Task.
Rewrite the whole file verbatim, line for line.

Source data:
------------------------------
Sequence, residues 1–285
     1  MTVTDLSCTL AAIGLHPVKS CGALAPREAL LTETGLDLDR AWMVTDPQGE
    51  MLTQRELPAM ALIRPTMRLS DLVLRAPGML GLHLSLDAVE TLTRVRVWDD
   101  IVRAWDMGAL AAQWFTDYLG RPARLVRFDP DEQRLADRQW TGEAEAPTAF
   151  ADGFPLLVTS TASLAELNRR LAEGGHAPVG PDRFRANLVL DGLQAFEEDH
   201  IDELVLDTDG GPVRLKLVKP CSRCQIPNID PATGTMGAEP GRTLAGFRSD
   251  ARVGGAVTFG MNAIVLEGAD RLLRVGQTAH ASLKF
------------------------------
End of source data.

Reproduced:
Sequence, residues 1–285
     1  MTVTDLSCTL AAIGLHPVKS CGALAPREAL LTETGLDLDR AWMVTDPQGE
    51  MLTQRELPAM ALIRPTMRLS DLVLRAPGML GLHLSLDAVE TLTRVRVWDD
   101  IVRAWDMGAL AAQWFTDYLG RPARLVRFDP DEQRLADRQW TGEAEAPTAF
   151  ADGFPLLVTS TASLAELNRR LAEGGHAPVG PDRFRANLVL DGLQAFEEDH
   201  IDELVLDTDG GPVRLKLVKP CSRCQIPNID PATGTMGAEP GRTLAGFRSD
   251  ARVGGAVTFG MNAIVLEGAD RLLRVGQTAH ASLKF